Postgrad LIVE! Study Fairs

Birmingham | Edinburgh | Liverpool | Sheffield | Southampton | Bristol

CeMM Featured PhD Programmes
University of Glasgow Featured PhD Programmes
University of Kent Featured PhD Programmes
University of Kent Featured PhD Programmes
University College London Featured PhD Programmes
10 miles

University of Liverpool, School of Environmental Sciences PhD Projects, Programs & Scholarships

We have 28 University of Liverpool, School of Environmental Sciences PhD Projects, Programs & Scholarships

  • University of Liverpool
  • School of Environmental Sciences×
  • clear all
Order by 
Showing 1 to 10 of 28
  Anatomy of subduction megathrust: a unique view from deep drilling into the Nankai Trough, Japan
  Prof D Faulkner, Dr J Bedford, Dr E Mariani
Application Deadline: 23 January 2019
Subduction zone megathrust earthquakes are the largest and most destructive on earth, with many rupturing the seafloor and generating devastating tsunamis such as that produced after the M9.0 Tohoku-Oki earthquake in 2011.
  Before the Inner Core? Palaeomagnetic field intensity measurements from Proterozoic-aged Scandinavian igneous and baked Rocks
  Prof A Biggin, Dr M Hill, Dr G Paterson, Dr J Salminen
Application Deadline: 23 January 2019
The Proterozoic Eon (540 – 2500 million years ago) is the single largest in Earth’s history but very little is known about how the Earth’s magnetic field was behaving at this time.
  Calving behaviour, glacier dynamics and glacier stability in Greenland
  Dr J Lea, Dr N Leonardi, Prof D Mair
Application Deadline: 23 January 2019
Introduction. The calving of icebergs represent a varied range of processes that are currently too complex to be fully integrated into large scale ice sheet models (Benn et al., 2007; 2017).
  Can periodic sediment input signals make it through to the sedimentary archive?
  Dr R Duller, Prof P Burgess, Dr R Jerrett, Dr K Straub
Application Deadline: 23 January 2019
Introduction. “How can we accurately decode a sedimentary succession for periodic input sediment supply signals if we have gaps in the succession and signals are shredded?” A common assumption in stratigraphic analysis is the stratigraphic record presents us with an unbiased record of past landscapes & climate.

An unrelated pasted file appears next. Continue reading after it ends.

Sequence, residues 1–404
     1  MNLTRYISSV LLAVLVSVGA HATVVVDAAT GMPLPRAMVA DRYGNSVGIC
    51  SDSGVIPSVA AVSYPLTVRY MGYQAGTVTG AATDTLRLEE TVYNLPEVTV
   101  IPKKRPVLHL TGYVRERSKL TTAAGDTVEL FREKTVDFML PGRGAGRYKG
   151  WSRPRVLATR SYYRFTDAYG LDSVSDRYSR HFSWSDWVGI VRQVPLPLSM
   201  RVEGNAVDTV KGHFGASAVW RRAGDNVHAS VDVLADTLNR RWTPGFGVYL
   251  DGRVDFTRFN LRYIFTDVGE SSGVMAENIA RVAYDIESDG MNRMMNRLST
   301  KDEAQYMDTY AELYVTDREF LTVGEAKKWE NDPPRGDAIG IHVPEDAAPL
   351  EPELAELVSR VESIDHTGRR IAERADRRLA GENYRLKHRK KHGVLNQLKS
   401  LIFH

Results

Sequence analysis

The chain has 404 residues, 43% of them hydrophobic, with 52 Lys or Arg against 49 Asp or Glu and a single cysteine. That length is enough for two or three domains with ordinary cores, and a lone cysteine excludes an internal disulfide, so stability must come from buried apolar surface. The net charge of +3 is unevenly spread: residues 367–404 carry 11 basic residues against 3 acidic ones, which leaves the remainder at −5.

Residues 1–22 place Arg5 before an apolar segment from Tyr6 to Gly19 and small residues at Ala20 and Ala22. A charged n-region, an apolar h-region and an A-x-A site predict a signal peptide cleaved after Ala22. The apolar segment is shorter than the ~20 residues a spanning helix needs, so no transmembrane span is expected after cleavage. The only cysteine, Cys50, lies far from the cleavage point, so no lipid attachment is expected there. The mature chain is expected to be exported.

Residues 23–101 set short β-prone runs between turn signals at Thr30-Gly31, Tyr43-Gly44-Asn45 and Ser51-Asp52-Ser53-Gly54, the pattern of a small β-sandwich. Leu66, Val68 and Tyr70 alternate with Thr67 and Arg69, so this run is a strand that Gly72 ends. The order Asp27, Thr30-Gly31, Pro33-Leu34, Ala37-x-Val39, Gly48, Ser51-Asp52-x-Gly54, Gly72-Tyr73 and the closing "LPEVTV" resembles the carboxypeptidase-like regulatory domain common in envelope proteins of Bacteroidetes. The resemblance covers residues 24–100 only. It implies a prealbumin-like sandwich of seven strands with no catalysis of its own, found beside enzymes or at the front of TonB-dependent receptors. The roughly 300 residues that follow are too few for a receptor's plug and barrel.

Changes in metabolic energy use with body sizes within pelagic invertebrate species: new insights from jellyfish
  Prof A Hirst, Dr D Atkinson
Application Deadline: 9 January 2019
Background. Gelatinous zooplankton (‘jellyfish’) have a body water content that is proportionately very high, a trait that has evolved in at least 5 planktonic phyla.
  Earthquake-induced instabilities in orogenic and volcanic environments
  Prof Y Lavallee, Dr J Kendrick, Ms L.N Schaefer
Application Deadline: 23 January 2019
Landslides and sector collapses are frequent consequences of tectonic earthquakes (Keefer, 1984, 2002), and represent an important secondary hazard, costing the economy ~$2 billion annually in damage and causing thousands of fatalities in the last century.
  Erosion hazards in a changing climate: making inland communities more resilient
  Dr J Cooper, Prof A Plater, Prof J Hooke, Mr D Viner
Application Deadline: 23 January 2019
This modelling project aims to quantify how future climate scenarios will affect the frequency and severity of erosion hazards in catchments, the vulnerability of key rural infrastructure and how we might best mitigate their impact.
  Fault systems and fluid-rock interaction in the Samail peridotite: implications for carbon capture in mantle rocks.
  Dr E Mariani, Prof J Wheeler, Prof L Crispini, Prof D Teagle
Application Deadline: 23 January 2019
The Samail peridotite in the Oman Mountains is namely one of the largest peridotite bodies exposed on land and it was emplaced by obduction of oceanic lithosphere between 95 and 70 Ma (e.g Searle et al.
  Feeling hot, hot, hot! Harnessing energy from magma in New Zealand
  Dr J Kavanagh, Dr B Edwards, Dr G Kilgour
Application Deadline: 23 January 2019
Climate change, rising global populations, increasing energy consumption, and depletion of oil and gas reservoirs mean the exploitation of renewable energy resources, such as geothermal energy, is becoming increasingly important.
  Geophysical and stratigraphical evidence for sediment dynamics and catchment landscape evolution in UK lake basins
  Prof R Chiverell, Prof a Biggin, Dr R Smedley
Application Deadline: 23 January 2019
Understanding the evolution of landscapes is important. They record the complex interplay of natural processes, extreme events (magnitude and frequency), and with the intensification of land use, anthropogenic influences.
Show 10 15 30 per page


FindAPhD. Copyright 2005-2018
All rights reserved.